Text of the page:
Ron Shupe, 44, signed the plea agreement Monday admitting he possessed oxycodone with the intent to distribute, which carries a sentence of up to 20 years in prison, and that he carried a firearm during the commission of drug trafficking, which carries five years to life in prison. He will officially plead guilty at a hearing Dec. 6 before U.S. District Judge Ronnie Greer. It was unclear if he will be sentenced that day or if it will be held at a later time.
Shupe was arrested Nov. 7 after a confidential informant for the Tennessee Bureau of Investigation sold oxycodone to the officer while he was in uniform, on duty, in his patrol car and armed. Immediately after the transaction, Shupe was surrounded by agents from the TBI, FBI and Tennessee Highway Patrol.
The drugs he had purchased were reportedly for Shupe and another officer, 61-year-old Sgt. Ken Lane. Lane was arrested the day after Shupe following a Johnson County grand jury indictment against the two men on multiple drug charges. Both officers were placed on unpaid administrative leave at that time.
According to court documents filed in the federal case, Shupe was under investigation by state and federal authorities for months. It began after another confidential witness, who was being held on drug charges in Ashe County, North Carolina, told Johnson County Sheriff’s Department investigators she obtained methamphetamine from Shupe. The informant also claimed she and Shupe shot up the drugs in his cruiser — five or six times between August 2016 and March 2017 — while he was in uniform and on duty. That was not the same informant Shupe bought drugs from just prior to his arrest Nov. 7.
Shupe’s plea agreement called for him to waive an indictment by the grand jury as well as an arraignment. He had already waived a detention hearing and remained in custody at the Washington County Detention Center.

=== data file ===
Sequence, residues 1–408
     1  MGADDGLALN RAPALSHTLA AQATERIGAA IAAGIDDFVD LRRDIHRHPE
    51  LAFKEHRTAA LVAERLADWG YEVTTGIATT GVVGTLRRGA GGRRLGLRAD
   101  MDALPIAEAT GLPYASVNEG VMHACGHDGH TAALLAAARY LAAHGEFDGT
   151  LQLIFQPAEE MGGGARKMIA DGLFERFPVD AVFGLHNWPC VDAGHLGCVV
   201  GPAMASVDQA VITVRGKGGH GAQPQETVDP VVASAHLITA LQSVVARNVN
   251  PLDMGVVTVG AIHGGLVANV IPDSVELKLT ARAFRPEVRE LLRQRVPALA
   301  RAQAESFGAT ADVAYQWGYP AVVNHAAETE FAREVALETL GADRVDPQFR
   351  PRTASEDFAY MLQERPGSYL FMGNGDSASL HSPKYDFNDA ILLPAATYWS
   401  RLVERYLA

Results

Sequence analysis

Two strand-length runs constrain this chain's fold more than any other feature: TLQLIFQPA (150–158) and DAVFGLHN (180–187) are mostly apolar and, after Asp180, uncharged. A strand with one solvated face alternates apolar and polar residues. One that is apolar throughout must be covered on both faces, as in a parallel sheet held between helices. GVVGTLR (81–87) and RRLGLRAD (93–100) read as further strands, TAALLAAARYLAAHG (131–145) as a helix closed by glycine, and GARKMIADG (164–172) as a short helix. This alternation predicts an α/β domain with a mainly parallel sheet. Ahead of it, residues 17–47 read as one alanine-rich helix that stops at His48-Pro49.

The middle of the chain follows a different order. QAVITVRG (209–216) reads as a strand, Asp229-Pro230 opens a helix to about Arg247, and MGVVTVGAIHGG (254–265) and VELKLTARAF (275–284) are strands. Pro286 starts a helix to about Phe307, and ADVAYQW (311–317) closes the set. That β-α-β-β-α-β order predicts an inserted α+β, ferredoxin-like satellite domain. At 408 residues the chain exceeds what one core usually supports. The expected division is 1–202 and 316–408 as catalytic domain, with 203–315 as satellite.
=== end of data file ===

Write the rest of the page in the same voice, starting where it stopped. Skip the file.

In exchange for the plea, the government agreed to not prosecute Shupe “for any other non-tax criminal offenses,” he may have committed which were known to the U.S. Attorney’s Office. Prosecutors also agreed to not oppose a two-level reduction of sentence for his accepting responsibility for the offenses. Shupe agreed to not file a direct appeal of his conviction or sentence unless the judge imposes a sentence above any mandatory minimum requirements. He also agreed to not challenge any duration or conditions of supervised release or the judge’s determination whether any of his sentences will be consecutive or partially consecutive to any other sentence.
Shupe does maintain his right to file a motion as to prosecutorial misconduct not known at the time of the plea or ineffective assistance of counsel.
Lane was free on a $25,000 bond as of Tuesday afternoon. The reporting date in Johnson County Criminal Court for the most recent round of cases indicted by the grand jury is Nov. 28.